Collaring the White Dogs

If you’ve scanned the bourbon/whiskey shelves at your local spirit retailer lately, you may have noticed a proliferation of bottles filled with clear liquid and colorfully marketed as moonshine, unaged whiskey or “white dog,” the term distillers give to bourbon or whiskey before it goes into the barrels to mature.

These offerings demonstrate the incredible current interest in all things bourbon. They’re at the opposite end of the spectrum from super-premium and extra-aged products. While some of those products are touting their “bottled in bond” government-stamped status, these products harken back to the days of hidden stills and moonshiners on the run from “revenoors.”

They also offer craft distillers a way to get a product on the shelves quickly, since bourbon must be aged for a minimum of two years.

Having tasted white dog a time or two, I can’t say I was eager to shell out $25 a bottle to try more. Luckily, the folks at Drink Spirits did the dirty work for me, recently reviewing 20 white dog whiskeys.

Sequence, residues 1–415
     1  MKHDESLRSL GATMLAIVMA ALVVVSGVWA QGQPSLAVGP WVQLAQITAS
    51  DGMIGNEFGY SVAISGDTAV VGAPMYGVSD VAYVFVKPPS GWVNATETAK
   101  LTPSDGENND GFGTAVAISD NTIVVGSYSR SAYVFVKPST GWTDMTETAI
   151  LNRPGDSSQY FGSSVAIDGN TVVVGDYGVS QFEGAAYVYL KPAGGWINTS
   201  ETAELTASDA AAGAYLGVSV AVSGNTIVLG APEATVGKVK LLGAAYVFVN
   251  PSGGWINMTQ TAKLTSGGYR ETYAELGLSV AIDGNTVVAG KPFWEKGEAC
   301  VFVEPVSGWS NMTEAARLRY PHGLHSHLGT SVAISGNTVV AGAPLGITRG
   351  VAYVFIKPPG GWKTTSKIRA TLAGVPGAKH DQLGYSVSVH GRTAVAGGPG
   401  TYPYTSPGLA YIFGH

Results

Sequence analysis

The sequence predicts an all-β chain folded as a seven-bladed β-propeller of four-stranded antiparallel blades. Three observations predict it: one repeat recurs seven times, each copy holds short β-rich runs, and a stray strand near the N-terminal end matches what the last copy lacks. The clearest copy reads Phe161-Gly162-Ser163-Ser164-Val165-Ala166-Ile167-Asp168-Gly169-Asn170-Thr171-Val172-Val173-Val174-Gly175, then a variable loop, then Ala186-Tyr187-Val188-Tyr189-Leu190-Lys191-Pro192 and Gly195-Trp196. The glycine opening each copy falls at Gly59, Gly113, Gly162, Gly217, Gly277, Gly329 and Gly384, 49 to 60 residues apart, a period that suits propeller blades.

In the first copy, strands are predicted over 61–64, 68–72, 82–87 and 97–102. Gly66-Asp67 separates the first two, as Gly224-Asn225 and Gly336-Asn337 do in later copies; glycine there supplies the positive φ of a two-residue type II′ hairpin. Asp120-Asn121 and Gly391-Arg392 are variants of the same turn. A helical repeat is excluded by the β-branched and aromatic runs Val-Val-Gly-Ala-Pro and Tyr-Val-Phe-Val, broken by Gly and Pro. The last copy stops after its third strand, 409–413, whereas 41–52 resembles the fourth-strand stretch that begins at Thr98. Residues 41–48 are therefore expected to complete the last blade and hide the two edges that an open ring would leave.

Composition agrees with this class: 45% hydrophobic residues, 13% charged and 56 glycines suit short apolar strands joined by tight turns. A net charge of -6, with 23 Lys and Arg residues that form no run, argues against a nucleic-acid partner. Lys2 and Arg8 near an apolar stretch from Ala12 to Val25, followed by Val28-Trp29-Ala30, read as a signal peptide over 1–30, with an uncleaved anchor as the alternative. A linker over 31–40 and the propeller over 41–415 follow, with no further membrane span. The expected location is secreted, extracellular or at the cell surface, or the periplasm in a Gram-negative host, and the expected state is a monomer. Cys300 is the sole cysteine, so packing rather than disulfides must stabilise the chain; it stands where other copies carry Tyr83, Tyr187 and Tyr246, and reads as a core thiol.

Among their favorites was Buffalo Trace White Dog Mash #1, which matures into Buffalo Trace Bourbon. White Dog Mash #1 is “sweet with light corn notes and graham cracker,” they say, and “surprisingly drinkable at 125 proof.” It would be interesting to conduct a tasting with the White Dog and the finished product.

Read the Drink Spirits review here.

Meanwhile, I’ve been sampling the 2011 Buffalo Trace Antique Collection, due to hit stores sometime in October. I’ll share my tasting notes on these extra-aged, limited edition whiskeys starting tomorrow.

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